Al-Ahram Weekly Online   7 - 13 May 2009
Issue No. 946
Published in Cairo by AL-AHRAM established in 1875

Banned from entry

At airports and seaports, the authorities are ready with contingency plans to ensure swine flu does not get past them. Amirah Ibrahim reports

On Monday, Elizabeth, an Austrian tourist who landed in Hurghada Airport, was suspected of having swine flu after suffering from high fever. She was sent to a hospital for medical tests and was kept under observation for 24 hours. The Health Ministry on Tuesday gave Elizabeth a clean bill of health and she was released after being treated for the common flu.

Elizabeth was just one of a number of passengers suspected of carrying the swine flu virus, but all have been proven free of the germ.

At Cairo International Airport, Egypt's main gateway, masked faces of customs and immigration officers have been receiving arrivals at TB1, TB2 and the newly opened TB3 terminals.

As they pass through, passengers are stopped by a medical team of doctors and technicians who keep one eye on the passengers' general health. The other eye runs through passports in search of a previous entrance visa to any of the reportedly infected countries.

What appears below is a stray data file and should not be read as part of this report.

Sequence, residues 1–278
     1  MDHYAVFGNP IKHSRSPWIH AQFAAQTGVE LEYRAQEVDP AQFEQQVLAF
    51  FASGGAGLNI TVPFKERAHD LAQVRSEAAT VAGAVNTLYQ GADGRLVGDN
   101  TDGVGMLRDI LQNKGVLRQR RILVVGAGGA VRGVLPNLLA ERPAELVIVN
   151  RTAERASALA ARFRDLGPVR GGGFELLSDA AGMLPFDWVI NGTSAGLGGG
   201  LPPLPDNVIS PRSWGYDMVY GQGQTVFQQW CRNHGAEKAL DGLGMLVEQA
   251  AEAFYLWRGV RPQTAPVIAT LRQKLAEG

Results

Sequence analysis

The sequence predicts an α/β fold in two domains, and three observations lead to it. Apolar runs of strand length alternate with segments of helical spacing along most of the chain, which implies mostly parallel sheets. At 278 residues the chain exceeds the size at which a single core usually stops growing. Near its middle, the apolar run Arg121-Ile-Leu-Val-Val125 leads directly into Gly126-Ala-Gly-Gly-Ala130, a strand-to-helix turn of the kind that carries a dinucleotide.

"The passenger is questioned for a few minutes to test his health and see whether he or she is suffering from fever, vomiting or other symptoms," said Dr Hassan Shaaban, head of the central department of Cairo International's quarantine unit.

Additional counters have been set up for medical teams who temporarily joined the airport quarantine unit. Shaaban says the Health Ministry has provided Cairo International with an additional 50 doctors, 40 nurses and 60 technicians.